As Paris Imposes A Massive Tax Hike On Second Homes, Other European Cities Gain In Popularity
When your second home taxes jump to 60 percent, as they have done in Paris, you have some decisions to make.
Ever dreamed of buying second home in Paris, the City of Lights? So, apparently, have a lot of other people. Now it will cost them more than just the price of the property and a romantic dinner or two.
Whether for a scenic getaway—or simply as an investment in one of the most famous capitals in the world—Paris has lured lured both French and foreigners alike to shell out big bucks for apartments along its historic streets. The problem is it has left the city with a deluge of vacant homes. In an effort to curb this, Paris has announced that will increase the tax it levies on second homes from 20 percent to 60 percent. Even for the wealthiest of speculators, that’s got to hurt.
The tax is applied to homes that are mostly vacant and assessed at the rentable value of the property. The goal is to get investors and part-time Parisians to sell their properties or rent them out. According to LeMonde, the move will alleviate the pressure on rented housing.
“In a city as dense as Paris, where it is very difficult to build, controlling the occupancy of housing is strategic,” Paris deputy mayor Ian Brossat told Le Monde. “Taxing second homes further will encourage their owners to sell or lease them year-round, which will increase the rental supply. Our objective is that these apartments benefit primarily the Parisians.”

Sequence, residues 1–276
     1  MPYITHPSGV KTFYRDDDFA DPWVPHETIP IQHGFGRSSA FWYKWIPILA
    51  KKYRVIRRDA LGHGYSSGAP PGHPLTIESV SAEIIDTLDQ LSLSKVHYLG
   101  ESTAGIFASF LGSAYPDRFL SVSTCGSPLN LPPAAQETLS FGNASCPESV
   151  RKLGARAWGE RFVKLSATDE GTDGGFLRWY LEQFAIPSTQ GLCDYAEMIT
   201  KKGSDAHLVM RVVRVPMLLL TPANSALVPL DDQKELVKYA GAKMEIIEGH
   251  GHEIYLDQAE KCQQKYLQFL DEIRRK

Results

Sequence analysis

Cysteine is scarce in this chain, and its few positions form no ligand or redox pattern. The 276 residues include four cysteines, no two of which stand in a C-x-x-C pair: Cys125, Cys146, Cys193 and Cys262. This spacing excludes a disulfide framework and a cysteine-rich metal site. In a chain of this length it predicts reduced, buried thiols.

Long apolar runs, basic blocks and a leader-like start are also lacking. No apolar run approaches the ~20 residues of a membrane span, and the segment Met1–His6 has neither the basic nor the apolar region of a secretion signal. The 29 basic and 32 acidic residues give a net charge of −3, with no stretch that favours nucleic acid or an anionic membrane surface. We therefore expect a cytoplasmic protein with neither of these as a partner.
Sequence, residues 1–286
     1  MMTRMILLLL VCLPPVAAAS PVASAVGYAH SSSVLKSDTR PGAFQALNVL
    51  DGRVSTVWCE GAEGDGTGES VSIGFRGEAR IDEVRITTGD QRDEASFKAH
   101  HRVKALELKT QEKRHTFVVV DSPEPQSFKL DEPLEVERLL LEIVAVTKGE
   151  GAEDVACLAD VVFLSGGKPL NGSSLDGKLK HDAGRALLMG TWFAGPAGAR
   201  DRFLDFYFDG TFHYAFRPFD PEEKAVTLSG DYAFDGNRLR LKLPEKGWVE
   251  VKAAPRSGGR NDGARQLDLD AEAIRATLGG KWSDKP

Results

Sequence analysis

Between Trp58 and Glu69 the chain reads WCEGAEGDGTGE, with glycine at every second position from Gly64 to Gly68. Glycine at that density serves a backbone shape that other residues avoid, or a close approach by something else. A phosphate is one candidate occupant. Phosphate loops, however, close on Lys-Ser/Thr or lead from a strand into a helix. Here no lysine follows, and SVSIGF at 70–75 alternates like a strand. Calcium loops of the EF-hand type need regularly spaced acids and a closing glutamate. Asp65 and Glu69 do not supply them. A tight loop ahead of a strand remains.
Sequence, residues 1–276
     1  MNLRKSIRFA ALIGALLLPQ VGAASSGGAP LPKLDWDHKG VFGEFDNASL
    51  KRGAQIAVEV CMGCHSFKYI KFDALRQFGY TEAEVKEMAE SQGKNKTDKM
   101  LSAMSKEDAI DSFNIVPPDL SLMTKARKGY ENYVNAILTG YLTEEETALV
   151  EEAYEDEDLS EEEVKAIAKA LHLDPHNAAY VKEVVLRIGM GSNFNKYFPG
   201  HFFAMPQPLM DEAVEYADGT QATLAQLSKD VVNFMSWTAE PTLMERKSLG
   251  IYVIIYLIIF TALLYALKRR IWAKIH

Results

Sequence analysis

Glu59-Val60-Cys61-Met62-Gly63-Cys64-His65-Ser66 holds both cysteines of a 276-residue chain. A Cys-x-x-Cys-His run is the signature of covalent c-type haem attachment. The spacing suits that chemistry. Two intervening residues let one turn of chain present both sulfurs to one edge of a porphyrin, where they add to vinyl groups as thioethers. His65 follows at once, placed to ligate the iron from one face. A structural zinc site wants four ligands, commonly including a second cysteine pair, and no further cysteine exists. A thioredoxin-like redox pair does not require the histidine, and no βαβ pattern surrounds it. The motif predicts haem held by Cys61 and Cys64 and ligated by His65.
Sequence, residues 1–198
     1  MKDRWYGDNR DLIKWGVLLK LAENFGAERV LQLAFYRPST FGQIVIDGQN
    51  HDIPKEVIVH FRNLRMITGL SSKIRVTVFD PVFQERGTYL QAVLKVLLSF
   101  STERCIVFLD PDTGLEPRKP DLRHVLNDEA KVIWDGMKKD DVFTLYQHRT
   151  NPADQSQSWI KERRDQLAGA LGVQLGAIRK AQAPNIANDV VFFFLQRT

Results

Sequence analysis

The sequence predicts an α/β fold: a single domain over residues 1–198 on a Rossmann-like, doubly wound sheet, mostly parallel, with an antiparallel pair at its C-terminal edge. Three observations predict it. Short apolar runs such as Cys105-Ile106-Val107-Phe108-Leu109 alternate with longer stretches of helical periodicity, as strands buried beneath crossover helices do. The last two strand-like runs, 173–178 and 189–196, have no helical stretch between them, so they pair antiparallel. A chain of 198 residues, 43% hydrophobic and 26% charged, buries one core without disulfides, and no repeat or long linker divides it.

So, Paris for Parisians seems to rallying cry. However, there is a loophole. Rent out an apartment for most of the year to Airbnb tenants, and the 60 percent vacant property tax is avoided. So, amendment: Paris for Parisians —unless they are Airbnb customers.
The increased empty tax revenue by the new law is expected to triple the city’s coffers from $21.5 million a year to $68 million. Speculators will be forced to ask themselves: Should I stay or should I go? Much may depend on the calculating how much of the taxes they can write off on their own taxes. In the U.S., all investment property expenses, including taxes, can be deducted. Paris has always been a strong market, second only to London in recent years, for attracting foreign investors.
However, with the Brexit vote and the generally poor shape of the economy in France, that is changing. Germany is now the safest bet for investors to park their cash, according to ULI (Urban Land Institute). Owners emotionally attached to Paris, unwilling to consider Berlin, Hamburg, or Frankfurt, and not open to Airbnb tenants will be forced to make a calculation based on taxable expenses and equity appreciation versus the actual cost of paying 60 percent in property taxes.
Of course, there is another option. They could actually live there.
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